“The Handmaid’s Tale” begins with a chase scene featuring surveillance-esque overhead shots and evocative close-ups. By the end of the sequence, June (Elisabeth Moss), our main character, is separated from her husband and child — a moment which sets the emotional and stylistic tone for the rest of the series. It’s gripping, heart-wrenching and disorienting in the most crucial way.
Nothing on television right now can compete with “The Handmaid’s Tale.”
When was the last time someone used ‘disorienting’ as a term of praise? If a show or film shakes you to your very core, it’s disorienting, because it makes you see the world differently. You might even say it awakens the mind. That’s exactly what “The Handmaid’s Tale” accomplishes.
Set in the near future, the dystopian series follows June, now called “Offred.” She is a handmaid, a fertile woman taken hostage by the government and forced to bear children for the infertile ruling class. The government portrays the handmaid role as honorable, but in reality, these women are subjected to immense violence: tortured for insubordination, stripped of any individuality and raped until pregnant. Then, immediately after birth, the child is taken away and given to the family who “owns” the handmaid. The handmaid is then removed from that home and placed with another couple who cannot conceive on their own; she becomes the property of a new family.
Why is June now “Offred?” Because the Waterford family owns her, and the man of the house is Fred (Joseph Fiennes). Her name is Of-Fred, just like her friends’ and allies’ names are now Ofwarren and Ofglen.
This show’s premise is incredibly disturbing, especially because the religiously extreme ideologies of the dystopian government are familiar. Representative Justin Humphrey, an Oklahoma lawmaker, told The Intercept in February this year, “I understand that they feel like that is their body.” By “they,” he meant women. “I feel like it is a separate — what I call them is, is you’re a ‘host.’ “
Some of the show’s characters are equally as sinister as their ideologies.
Aunt Lydia (Ann Dowd), for example, runs the institution that prepares everyday women to become handmaids. She electrocutes them into submission with cattle prods. Under her command, women have their limbs amputated, eyes plucked out and ears stapled with identification tags like animals. She orders Ofglen’s (Alexis Bledel) genital mutilation as punishment for being a “gender traitor” — in other words, a lesbian.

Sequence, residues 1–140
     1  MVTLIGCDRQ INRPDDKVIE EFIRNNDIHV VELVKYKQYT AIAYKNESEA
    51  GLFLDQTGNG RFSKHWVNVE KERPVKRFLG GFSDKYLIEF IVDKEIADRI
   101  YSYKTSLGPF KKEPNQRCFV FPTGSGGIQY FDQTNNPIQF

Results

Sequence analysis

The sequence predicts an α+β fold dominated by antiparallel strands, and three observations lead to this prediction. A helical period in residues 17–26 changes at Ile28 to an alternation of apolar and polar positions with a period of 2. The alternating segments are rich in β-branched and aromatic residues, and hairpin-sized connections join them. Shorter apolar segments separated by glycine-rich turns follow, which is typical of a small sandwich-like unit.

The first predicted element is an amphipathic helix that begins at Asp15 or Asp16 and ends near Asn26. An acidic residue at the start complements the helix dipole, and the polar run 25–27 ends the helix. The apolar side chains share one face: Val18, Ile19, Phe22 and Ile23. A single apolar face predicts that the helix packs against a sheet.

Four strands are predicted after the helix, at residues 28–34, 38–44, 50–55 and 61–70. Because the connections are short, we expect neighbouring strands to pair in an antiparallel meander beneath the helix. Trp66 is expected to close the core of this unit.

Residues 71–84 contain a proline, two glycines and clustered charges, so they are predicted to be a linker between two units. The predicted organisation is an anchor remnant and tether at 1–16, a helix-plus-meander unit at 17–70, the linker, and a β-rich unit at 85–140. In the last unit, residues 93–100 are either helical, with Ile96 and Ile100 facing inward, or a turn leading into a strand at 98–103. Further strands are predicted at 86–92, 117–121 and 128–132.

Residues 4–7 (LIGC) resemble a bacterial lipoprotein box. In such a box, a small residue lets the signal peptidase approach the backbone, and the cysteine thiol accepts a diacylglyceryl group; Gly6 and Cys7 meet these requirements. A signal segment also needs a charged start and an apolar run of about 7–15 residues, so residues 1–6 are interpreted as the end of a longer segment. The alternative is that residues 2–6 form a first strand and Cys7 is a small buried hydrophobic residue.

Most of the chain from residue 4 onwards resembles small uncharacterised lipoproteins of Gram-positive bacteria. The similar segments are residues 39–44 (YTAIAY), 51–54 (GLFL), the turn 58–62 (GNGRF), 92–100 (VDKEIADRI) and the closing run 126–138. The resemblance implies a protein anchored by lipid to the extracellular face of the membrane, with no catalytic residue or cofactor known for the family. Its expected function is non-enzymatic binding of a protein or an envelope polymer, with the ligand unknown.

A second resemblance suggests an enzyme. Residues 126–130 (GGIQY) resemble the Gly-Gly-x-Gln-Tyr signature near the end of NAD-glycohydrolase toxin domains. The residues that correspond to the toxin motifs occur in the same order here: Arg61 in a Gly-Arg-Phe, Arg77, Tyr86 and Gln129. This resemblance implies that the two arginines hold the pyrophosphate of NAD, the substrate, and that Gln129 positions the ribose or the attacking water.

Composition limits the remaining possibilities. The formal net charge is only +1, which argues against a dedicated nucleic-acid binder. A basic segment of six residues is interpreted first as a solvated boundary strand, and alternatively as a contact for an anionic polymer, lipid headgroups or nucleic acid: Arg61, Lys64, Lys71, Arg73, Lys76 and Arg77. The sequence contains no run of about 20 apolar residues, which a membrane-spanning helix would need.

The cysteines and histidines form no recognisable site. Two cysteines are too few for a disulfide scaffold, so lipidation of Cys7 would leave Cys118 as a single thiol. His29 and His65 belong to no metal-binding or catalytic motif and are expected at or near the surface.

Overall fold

As the series goes on, Aunt Lydia is consistently brutal. There’s no point in which she suddenly realizes she is a violent perpetrator in the oppressive government regime. Instead, her complexity emerges in the loving way she looks upon the handmaids. This not only confirms her deep belief in this system, but also reveals how the enforcers reconcile their immorality.
Each episode simultaneously shows how June’s fate unfolds in the present while giving context through flashbacks. It’s an extremely effective way of demonstrating how things can go from normal to bad to a worst nightmare.
In one flashback, we see the moment that June loses her job — actually, not just June, but every woman across the country. Women are no longer allowed to work or have credit cards. All finances are earned and controlled by men.
When June comes home to inform her husband Luke (O.T. Fagbenle) of the injustice, he attempts to console her by saying that he’ll just take care of her. It’s a simple gesture, one that shows how systems of oppression can seep in, drowning those directly impacted, while those afforded more power merely see droplets.
“The Handmaid’s Tale” cultivates glimmers of hope without downplaying trauma. Despite moments of defeat, June is angry. That anger breeds resistance and gives her a sense of agency when the government would have her believe she has none at all.
This Hulu original series would be nothing without its source material, Margaret Atwood’s 1985 novel of the same name. In an article published for the New York Times, Atwood explains that the book was influenced by her upbringing during World War II and the Reagan era in which the novel was written.
“Anything could happen anywhere, given the circumstances,” Atwood writes. Both the novel and the series serve as a chilling wake-up call.
Sophie-Marie Prime covers television. Contact her at [email protected].